January 20, 2022
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What traditional Tuscan dishes will you find on our best of Tuscany culinary vacations and cooking tours?
Traditional Tuscan dishes tend to be hearty peasant fare rich in breads, beans, and olive oil. Examples of Tuscan dishes are:
Ribollita is perhaps my favorite Tuscan dish. We joke in the office that Tuscan food does not photograph well, and that is especially true of ribollita. A soup so thick it is cooked down basically into mush, it sure doesn’t sound appetizing. But it’s absolutely perfect on a cold day, the flavors of the cannellini beans, bread, Lacinato kale, and other vegetables combining into a perfect winter dish.
Pappa al pomodoro is thick soup made from tomatoes, bread, olive oil, and garlic. It can include other ingredients, but these are the basics. Served hot, cold, or room temperature, it’s a staple in Tuscan restaurants throughout the region.
Panzanella is a Tuscan bread salad made from stale bread. (The Tuscans as you can see have historically been adept at repurposing stale bread to make the most of it!) Traditionally a summer dish, it includes tomatoes and sometimes onions or cucumber and of course plenty of olive oil and vinegar.
Crostini di fegatini are toasted bread slices (“crostini”) topped with a liver (“fegato”) spread. The main ingredient is chicken liver, but most recipes will include also either capers or anchovies. You can find many different toppings for crostini in Tuscany, but none so traditional as the fegatini.
Cecina is a flat Tuscan pancake made from chickpea flour, water, olive oil, and salt. Its flavors are as simple and as pure as its ingredients, and it is traditionally made in a special round, flat pan (a bit like a paella pan), preferably in a wood burning oven, and is sprinkled with salt, olive oil, and sometimes rosemary. It hails from Tuscany’s western coast.
Lampredotto is made from the fourth stomach of a cow – yikes! It’s typically braised for a long time and served on a roll. Think the Tuscan version of a Chicago-style Italian beef sandwich!
Sciacciata literally means “flattened” or “smashed” and is a traditional Tuscan flatbread. Unlike cecina, it is made with wheat flour. It is very similar to another famous Italian bread, focaccia.
Trippa alla fiorentina is a traditional Tuscan dish made from tripe, which comes from the stomach of a cow (usually the first or second). It is cut into strips and stewed with tomatoes for a long time. You’ll find it served in a sandwich on the streets of Florence, but also served as its own dish with the bread on the side.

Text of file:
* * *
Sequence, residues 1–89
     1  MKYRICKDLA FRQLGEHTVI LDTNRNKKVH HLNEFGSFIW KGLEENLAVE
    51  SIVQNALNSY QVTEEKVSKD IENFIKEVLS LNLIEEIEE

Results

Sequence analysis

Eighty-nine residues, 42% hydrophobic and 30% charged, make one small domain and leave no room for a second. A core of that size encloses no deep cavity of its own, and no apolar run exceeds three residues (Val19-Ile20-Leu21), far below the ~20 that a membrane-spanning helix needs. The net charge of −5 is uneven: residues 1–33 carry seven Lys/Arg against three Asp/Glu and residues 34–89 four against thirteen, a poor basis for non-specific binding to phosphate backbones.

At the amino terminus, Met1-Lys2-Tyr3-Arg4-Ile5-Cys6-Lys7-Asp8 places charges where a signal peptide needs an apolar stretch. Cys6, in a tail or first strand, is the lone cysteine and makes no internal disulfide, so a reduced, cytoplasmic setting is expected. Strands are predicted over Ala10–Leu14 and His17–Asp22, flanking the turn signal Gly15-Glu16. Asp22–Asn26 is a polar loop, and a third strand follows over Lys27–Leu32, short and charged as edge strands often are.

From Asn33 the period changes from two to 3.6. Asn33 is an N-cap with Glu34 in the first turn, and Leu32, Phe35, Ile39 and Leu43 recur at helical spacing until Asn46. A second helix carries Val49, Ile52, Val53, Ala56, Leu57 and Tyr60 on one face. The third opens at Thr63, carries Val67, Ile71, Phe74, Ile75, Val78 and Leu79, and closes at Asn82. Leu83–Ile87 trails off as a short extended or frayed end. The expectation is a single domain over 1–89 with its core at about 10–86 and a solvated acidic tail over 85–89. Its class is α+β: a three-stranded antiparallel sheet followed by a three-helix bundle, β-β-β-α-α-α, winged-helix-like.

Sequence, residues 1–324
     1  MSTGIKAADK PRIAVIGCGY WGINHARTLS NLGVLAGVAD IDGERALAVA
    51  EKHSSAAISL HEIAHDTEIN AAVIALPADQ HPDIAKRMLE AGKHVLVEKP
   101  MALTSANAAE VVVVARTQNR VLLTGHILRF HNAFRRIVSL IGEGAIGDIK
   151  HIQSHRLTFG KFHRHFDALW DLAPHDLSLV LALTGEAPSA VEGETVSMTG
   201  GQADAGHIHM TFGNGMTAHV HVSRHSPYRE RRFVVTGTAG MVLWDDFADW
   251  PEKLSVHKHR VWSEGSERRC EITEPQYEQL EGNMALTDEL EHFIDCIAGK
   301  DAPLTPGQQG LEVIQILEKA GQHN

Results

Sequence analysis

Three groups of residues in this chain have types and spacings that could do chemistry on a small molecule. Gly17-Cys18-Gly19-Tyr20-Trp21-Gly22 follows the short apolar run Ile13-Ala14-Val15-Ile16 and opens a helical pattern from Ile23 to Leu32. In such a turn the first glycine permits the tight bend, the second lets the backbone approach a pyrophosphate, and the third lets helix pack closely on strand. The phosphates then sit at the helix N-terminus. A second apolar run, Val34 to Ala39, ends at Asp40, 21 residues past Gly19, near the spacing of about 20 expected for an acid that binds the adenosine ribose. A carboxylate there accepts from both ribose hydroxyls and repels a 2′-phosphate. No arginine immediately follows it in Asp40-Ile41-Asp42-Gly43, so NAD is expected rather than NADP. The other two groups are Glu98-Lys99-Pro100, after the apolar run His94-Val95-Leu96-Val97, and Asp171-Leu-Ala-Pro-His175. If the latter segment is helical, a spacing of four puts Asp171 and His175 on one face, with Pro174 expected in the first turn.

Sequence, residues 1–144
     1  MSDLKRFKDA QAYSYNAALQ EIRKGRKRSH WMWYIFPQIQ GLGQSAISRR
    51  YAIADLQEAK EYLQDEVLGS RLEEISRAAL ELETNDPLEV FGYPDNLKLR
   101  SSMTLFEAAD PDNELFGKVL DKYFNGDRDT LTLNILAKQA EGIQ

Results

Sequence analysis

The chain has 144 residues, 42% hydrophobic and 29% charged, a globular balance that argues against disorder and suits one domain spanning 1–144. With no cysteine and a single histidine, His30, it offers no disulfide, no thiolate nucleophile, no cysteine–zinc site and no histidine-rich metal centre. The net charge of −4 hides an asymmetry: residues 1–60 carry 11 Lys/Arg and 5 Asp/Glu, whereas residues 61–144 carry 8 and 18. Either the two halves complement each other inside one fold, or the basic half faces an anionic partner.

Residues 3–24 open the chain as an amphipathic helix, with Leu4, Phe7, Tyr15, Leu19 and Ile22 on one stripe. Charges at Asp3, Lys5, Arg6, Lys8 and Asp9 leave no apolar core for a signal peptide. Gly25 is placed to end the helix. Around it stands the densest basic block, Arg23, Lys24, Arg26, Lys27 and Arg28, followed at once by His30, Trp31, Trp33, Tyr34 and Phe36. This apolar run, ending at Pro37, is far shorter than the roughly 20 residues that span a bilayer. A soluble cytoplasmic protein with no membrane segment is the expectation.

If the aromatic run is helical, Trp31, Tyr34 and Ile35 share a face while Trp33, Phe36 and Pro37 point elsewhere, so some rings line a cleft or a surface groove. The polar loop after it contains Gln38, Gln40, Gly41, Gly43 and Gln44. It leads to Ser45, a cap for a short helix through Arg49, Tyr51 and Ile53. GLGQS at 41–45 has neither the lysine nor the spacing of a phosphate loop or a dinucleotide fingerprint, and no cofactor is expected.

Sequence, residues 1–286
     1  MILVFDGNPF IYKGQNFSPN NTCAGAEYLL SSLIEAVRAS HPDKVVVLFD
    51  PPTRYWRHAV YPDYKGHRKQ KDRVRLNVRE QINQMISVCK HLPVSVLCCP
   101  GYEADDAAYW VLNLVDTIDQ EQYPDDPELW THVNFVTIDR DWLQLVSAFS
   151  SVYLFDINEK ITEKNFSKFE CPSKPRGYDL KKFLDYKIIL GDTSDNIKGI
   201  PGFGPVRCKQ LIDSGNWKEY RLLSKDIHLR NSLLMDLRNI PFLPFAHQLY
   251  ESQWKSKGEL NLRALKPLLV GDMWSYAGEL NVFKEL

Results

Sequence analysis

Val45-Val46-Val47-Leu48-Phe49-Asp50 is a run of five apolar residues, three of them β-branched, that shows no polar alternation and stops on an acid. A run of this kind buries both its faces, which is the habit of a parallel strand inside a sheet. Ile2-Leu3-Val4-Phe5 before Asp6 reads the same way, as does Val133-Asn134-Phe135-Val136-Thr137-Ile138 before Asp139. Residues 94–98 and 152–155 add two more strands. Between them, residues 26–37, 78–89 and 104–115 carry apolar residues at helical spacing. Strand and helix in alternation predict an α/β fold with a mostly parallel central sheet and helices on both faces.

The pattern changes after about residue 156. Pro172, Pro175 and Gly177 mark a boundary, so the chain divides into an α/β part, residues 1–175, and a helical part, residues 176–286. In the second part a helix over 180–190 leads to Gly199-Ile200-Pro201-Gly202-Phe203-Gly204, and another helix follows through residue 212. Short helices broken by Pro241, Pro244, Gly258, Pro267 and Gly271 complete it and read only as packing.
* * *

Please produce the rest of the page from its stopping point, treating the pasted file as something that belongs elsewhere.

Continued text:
Cantucci (or cantuccini) are what we call “biscotti” – those hard, sliced, almond-y cookies that people like to dip in coffee. In Tuscany, however, you can dip them in Vin Santo at the end of the meal for a true Tuscan experience. Learn how to make them in the video below:
Castagnaccio is another traditional Tuscan dessert, usually found it the fall season. Like cecina and schiacciata it is made from a type of flour (here chestnut flour, which is also used for the Tuscan crepes known as necci), water, and olive oil. But unlike the other two, castagnaccio also has pine nuts, walnuts, and raisins.
What about bistecca alla fiorentina? This famous Tuscan dish – a super thick T-bone steak – is delicious and well worth eating while you are in Tuscany. But most tradition Tuscan dishes have modest roots, and the bistecca alla fiorentina is an extravagance!
And of course, in the end there is no real “Tuscan” cuisine, as what you find in the Maremma will vary a lot from what you’ll find in the Chianti Senese. But you (and your tastebuds) can explore your way through Tuscany on our best of Tuscany culinary vacations and culinary tours and taste all of the varieties!
Learn about traditional summer dishes from Tuscany.
By Peg Kern
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